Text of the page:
Why should it be necessary — legally required — to go to an eye doctor’s office to get your vision checked — and a prescription for new contacts or eyeglasses issued?
It’s 2017 — not 1917 — and high-tech apps such as Opternative and GlassesOn can check for refractive error via a 25 minute online test, which is reviewed by an ophthalmologist licensed in your state. The doctor then writes a digital prescription, which you can use to shop for the best deal on new contacts or eyeglasses wherever you like.
You don’t have to leave your home — or take time off from work.
No driving for an hour — or waiting for another hour in the doctor’s office.
The online tests are diagnostically as accurate as an in-person vision exam and — the horror! — more convenient and less expensive than making the schlep to an eye doctor’s office.
Which is probably why the American Optometric Association is seeing red.
The AOA is basically a guild — and like any guild, it hates competition from outsiders. That’s why the AOA is lobbying hard to get laws passed that would make it illegal to offer online vision checks.
Because it cuts out the middleman.
The claim is that it’s all about protecting patient health — but given there’s no evidence whatsoever to support such claims, it seems to really be all about protecting the bottom line of traditional see-them-in-person eye doctors — and the lens manufacturers they often have a too-cozy business relationship with.
Legislation has been put forward in New Mexico, Nevada, Connecticut and Minnesota to outlaw this innovative online vision testing technology.
One laudable exception is Virginia, where SB 1321, sponsored by Delegate Peter Farrell, would allow online visiojn checks.
The bill will also stop the one-hand-washes-the-other kind of deal in the doctor’s office, where some optometrists sell lenses while also writing prescriptions in-house for the brand of lenses they just happen to sell. With this set-up, patients are steered into “one stop” shopping — and often end up paying more than they would have if they’d had the opportunity to shop around.
Or even knew they could shop around.
They assume they have to buy what the prescription says — and since the doctor sells what it says…
Thankfully, this will no longer happen in Virginia. Even better is that the bill will set reasonable safeguards in place so consumers can begin using the online equivalent of Uber and Airbnb.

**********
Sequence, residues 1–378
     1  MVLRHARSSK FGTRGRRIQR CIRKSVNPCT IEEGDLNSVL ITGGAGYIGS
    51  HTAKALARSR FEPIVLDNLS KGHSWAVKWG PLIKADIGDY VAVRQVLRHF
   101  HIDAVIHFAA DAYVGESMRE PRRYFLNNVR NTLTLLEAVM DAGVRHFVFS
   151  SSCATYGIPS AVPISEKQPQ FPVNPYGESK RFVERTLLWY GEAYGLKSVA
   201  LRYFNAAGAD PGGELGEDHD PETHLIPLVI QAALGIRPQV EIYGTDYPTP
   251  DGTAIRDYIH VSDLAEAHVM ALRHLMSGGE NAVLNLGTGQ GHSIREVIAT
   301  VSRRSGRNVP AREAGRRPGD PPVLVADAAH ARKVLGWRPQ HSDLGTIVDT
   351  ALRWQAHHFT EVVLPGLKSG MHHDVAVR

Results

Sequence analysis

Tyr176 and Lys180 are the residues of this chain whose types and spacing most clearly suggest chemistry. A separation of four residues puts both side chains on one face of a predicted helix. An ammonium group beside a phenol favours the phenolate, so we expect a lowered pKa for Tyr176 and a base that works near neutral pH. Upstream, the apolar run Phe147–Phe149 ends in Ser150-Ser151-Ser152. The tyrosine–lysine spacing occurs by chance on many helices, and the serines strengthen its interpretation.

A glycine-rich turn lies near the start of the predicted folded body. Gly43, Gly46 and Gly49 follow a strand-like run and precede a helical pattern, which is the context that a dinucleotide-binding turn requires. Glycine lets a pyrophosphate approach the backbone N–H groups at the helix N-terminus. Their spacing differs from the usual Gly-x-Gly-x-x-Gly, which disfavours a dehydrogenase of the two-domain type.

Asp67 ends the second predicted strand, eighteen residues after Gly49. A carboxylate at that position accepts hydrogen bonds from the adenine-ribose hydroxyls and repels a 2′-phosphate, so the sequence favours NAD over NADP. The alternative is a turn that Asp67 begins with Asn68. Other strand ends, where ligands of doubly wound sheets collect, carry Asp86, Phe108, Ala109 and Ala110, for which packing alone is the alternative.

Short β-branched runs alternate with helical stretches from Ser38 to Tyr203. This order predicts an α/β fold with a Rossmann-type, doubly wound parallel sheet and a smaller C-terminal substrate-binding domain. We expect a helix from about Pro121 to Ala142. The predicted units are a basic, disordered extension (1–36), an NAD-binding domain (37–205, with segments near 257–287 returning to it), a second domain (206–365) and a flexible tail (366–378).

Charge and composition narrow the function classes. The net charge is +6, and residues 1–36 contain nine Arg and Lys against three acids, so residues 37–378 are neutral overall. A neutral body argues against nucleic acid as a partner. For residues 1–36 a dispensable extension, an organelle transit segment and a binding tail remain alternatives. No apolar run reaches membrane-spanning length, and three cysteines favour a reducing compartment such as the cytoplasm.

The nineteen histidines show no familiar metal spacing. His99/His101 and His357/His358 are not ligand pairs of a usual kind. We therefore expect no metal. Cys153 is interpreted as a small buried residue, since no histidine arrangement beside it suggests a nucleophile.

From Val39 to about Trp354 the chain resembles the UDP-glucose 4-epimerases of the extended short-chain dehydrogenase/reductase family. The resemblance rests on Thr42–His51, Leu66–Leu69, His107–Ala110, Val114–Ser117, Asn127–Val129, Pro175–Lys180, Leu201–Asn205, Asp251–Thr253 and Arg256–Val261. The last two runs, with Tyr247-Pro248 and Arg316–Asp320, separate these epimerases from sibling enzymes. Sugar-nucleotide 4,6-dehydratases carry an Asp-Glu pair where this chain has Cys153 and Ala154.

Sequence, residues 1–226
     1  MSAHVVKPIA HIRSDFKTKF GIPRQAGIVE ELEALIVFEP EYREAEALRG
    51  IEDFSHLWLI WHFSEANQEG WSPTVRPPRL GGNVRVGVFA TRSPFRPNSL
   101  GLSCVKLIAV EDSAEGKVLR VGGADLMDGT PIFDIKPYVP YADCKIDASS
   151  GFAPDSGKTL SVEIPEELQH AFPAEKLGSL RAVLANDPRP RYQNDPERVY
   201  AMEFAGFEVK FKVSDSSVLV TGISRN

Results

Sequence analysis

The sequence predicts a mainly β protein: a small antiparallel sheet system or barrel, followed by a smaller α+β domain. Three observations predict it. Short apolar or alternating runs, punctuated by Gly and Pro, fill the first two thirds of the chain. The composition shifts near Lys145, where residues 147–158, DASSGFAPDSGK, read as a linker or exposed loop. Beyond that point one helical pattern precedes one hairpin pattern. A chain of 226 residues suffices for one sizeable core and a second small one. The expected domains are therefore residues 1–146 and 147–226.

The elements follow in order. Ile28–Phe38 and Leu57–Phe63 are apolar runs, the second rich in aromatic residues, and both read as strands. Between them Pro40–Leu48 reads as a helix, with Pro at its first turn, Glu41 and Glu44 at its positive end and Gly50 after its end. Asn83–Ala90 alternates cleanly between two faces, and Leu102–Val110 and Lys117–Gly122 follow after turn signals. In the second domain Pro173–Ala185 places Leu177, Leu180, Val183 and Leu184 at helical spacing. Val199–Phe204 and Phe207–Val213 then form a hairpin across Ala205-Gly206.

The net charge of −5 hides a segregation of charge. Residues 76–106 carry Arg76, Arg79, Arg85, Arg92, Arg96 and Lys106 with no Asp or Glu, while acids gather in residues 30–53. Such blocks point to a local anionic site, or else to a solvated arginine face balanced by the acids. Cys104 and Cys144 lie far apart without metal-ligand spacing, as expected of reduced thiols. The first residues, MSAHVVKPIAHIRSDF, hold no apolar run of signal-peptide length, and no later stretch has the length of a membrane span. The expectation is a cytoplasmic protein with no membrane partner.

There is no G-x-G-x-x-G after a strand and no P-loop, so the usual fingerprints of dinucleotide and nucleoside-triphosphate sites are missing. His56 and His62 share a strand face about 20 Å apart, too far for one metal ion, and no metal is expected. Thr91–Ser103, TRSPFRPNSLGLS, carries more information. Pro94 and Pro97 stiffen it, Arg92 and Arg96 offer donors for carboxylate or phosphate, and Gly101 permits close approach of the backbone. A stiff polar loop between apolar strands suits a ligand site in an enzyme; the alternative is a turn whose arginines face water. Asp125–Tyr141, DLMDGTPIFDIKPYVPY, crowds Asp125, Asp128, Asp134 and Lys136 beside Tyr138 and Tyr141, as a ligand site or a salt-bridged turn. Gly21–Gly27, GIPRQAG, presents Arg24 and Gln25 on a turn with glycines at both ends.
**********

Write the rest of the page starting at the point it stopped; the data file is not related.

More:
After all, what’s the big deal? If the tests are effective and safe — as they’ve been shown to be — and if a licensed eye doctor reviews the tests before writing the script — what, exactly, is the problem?
One tactic the AOA has used to create fear in the public’s mind — and put pressure on lawmakers — is to package deal a vision check with an eye health exam — implying there’s a health risk if people are allowed to skip going to a doctor’s office just to have their vision checked.
But a vision test is not an eye health test (e.g., a glaucoma screening) and there is no evidence to suggest that merely checking visual acuity is any more of a danger than it is to use one of those automated blood pressure machines that you can find at almost any supermarket nowadays to keep track of your BP.
Even the AOA concedes the point, admitting that otherwise healthy adults aged 18-60 don’t need on-site/”bricks and mortar” exams just to have a prescription for contacts or eyeglasses filled.
In Virginia, the state-level ophthalmologists’ association sent out an e-mail explicitly stating that none of their members knew of anyone who’d been harmed as a result of taking an online vision test.
The Virginia legislation reflects the overwhelming amount of empirical evidence that is on the side of innovation — not the contact lens cronies.
Despite this data, contact cronies across the country still want to make more — at the expense of their patients. By stifling competition and choice.
It’s crazy that, with health care costs rising like an irresistible tsunami, anyone could object to a new way of helping people see clearly, more conveniently — and for less money.
Hopefully, more lawmakers like those in Virginia will see through the AOA’s efforts to use them to protect their cozy little arrangement.
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Eric Peters Peters is a Virginia resident and political columnist whose work has been featured in The Washington Times, American Spectator and The Washington Examiner. This column was originally published in the Roanoke Times on March 8, 2017.